Fall Conference: Democracy 20/20
Join us online at our 47th annual Fall Conference as we take a clear-eyed look at the theory and practice of democracy. We’ll pay special attention to the current state of civic engagement in the United States. How can we work to bring people together when we are so divided?
Weekly free digital programs began on August 19.
Help support our speakers
All of these events are free and open to all, but the scholars are paid an honorarium for sharing their expertise. Please consider making a donation to support these scholars.
Most Recent Conference Session
Political cartoonist Jeff Danziger discusses his role in a French documentary film, Cartoonists, Foot Soldiers of Democracy, and describes the origin of some of his recent editorial cartoons. He also reviews how cartooning has changed over his career, and covers the challenges and opportunities of creating editorial cartoons during this time in American history.
What’s different this year
Normally we gather at UVM in November for our annual conference. But this year we need to do things a little differently.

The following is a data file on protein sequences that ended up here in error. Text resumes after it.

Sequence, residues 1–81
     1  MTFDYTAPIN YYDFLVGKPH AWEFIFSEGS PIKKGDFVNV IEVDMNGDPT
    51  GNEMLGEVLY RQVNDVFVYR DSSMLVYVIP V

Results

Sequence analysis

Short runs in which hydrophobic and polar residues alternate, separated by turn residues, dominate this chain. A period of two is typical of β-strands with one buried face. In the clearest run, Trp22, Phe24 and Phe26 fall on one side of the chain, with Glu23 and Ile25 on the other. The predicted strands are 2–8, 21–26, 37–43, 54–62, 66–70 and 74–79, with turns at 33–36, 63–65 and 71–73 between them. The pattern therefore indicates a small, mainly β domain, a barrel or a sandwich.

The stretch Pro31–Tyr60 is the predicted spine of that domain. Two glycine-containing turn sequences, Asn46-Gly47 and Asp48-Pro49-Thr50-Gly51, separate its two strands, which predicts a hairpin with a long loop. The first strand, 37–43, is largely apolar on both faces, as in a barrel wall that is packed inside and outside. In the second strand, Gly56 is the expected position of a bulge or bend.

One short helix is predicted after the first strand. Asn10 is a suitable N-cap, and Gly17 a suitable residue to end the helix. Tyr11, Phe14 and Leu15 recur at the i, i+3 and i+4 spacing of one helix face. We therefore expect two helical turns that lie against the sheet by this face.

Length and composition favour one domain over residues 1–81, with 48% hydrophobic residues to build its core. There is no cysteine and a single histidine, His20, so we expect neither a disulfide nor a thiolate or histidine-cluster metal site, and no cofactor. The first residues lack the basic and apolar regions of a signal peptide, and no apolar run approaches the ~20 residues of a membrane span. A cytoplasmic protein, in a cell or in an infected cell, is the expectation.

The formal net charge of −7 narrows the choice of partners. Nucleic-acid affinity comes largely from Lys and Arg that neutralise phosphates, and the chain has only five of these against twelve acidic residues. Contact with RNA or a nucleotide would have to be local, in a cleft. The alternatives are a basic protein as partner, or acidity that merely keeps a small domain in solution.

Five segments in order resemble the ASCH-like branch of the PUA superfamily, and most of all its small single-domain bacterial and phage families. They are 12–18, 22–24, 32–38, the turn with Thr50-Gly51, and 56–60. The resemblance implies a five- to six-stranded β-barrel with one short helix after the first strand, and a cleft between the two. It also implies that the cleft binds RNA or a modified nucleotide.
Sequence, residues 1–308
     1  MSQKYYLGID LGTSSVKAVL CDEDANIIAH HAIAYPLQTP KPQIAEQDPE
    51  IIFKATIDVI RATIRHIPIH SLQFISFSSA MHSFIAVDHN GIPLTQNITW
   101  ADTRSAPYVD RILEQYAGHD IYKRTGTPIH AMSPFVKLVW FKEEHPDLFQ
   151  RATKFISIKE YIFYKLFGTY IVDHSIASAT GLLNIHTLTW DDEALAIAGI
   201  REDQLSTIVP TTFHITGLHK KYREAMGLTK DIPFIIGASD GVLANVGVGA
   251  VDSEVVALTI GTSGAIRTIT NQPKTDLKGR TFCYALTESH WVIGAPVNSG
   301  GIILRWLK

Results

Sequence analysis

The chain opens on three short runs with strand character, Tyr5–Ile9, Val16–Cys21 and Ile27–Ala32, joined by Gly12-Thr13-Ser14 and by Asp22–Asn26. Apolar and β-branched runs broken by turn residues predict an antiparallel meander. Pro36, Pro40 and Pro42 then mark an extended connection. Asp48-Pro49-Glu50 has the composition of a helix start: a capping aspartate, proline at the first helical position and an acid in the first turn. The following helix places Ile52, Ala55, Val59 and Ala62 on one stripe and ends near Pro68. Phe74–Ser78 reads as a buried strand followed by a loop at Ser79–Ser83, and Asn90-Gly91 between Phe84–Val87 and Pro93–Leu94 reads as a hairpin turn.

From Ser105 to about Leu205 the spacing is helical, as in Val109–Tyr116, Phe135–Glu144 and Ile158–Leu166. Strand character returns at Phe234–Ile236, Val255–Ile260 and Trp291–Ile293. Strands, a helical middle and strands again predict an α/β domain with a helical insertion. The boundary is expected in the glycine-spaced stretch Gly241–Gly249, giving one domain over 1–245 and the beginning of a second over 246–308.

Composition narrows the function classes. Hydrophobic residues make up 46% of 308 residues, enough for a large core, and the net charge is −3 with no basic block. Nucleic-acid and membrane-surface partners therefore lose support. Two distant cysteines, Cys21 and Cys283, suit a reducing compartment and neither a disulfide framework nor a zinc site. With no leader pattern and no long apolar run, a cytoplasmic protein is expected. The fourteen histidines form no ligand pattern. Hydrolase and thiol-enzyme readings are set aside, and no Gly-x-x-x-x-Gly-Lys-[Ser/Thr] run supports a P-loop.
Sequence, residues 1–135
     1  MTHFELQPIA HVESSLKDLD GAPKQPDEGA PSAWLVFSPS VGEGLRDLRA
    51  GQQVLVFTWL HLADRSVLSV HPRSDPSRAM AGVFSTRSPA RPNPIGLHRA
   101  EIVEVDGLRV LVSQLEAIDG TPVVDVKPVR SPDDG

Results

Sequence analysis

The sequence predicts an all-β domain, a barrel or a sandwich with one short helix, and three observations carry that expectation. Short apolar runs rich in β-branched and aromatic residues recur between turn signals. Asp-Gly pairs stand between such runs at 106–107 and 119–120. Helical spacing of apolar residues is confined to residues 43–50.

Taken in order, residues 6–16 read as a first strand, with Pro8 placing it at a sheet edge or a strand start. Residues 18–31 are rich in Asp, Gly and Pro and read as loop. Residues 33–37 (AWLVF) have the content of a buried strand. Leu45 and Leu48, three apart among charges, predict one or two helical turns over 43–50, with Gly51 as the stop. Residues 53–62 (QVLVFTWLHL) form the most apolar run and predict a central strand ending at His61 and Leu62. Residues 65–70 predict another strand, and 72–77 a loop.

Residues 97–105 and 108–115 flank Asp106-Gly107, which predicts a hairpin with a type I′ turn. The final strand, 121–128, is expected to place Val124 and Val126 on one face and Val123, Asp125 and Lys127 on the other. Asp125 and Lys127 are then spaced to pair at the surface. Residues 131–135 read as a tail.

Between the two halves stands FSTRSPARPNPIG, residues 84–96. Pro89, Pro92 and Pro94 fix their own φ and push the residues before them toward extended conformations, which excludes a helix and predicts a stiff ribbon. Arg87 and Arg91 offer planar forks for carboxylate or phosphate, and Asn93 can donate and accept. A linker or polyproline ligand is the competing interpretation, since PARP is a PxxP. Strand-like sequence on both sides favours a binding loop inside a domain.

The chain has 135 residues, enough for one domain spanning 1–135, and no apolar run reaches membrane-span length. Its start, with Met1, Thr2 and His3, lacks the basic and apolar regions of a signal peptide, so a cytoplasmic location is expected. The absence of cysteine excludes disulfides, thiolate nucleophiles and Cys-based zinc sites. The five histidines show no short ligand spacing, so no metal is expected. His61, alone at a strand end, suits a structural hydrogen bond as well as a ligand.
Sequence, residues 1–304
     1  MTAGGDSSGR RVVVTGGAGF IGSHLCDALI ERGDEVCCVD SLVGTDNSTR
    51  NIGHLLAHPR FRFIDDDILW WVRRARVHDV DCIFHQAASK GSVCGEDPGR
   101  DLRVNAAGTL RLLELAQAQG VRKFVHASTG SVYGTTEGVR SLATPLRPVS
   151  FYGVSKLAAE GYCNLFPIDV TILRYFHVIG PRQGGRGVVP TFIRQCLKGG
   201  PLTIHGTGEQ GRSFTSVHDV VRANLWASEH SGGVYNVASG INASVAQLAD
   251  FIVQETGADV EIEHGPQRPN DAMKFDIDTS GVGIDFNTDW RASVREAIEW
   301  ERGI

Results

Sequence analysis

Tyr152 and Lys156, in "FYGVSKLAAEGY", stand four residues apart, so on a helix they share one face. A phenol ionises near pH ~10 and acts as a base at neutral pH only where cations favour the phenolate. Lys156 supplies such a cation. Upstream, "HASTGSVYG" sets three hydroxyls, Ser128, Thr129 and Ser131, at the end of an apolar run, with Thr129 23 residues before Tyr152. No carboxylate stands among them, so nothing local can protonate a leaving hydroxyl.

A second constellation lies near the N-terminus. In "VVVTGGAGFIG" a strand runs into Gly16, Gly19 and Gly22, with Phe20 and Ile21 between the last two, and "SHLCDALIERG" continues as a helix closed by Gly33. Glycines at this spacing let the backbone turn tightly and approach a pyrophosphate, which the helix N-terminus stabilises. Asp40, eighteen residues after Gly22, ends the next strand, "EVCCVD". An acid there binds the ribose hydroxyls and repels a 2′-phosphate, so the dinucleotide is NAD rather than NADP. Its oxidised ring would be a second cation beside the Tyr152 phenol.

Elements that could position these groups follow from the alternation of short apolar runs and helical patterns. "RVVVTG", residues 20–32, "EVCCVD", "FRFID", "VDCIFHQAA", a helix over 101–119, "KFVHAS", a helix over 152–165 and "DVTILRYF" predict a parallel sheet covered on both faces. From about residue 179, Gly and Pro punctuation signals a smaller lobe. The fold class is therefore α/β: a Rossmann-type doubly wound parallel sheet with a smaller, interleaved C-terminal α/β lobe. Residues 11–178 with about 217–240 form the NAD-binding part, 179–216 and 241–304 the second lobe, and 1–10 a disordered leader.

Starting on August 19, we’re releasing a new piece of our conference every Wednesday night through the middle of November. These lectures and discussions will center around the theme of Democracy. You’ll hear about democracy in Abenaki communities, the women’s suffrage movement, political cartoons, how democracy is embodied in civic architecture (like the State House), the importance of a free press, and many other topics.
Conference image from This Is What Democracy Looks Like: A Graphic Guide to Governance by The Center for Cartoon Studies, drawings by Dan Nott ’18, Kevin Czap. Read the comic online at cartoonstudies.org/democracy.
This program is part of the “Democracy and the Informed Citizen” Initiative, administered by the Federation of State Humanities Councils. The initiative seeks to deepen the public’s knowledge and appreciation of the vital connections between democracy, the humanities, journalism, and an informed citizenry. We thank The Andrew W. Mellon Foundation for their generous support of this initiative and the Pulitzer Prizes for their partnership.
The Vermont Humanities Council (VHC) is under grant from the National Endowment for the Humanities (NEH). Any views expressed in this program do not necessarily represent those of the NEH or VHC.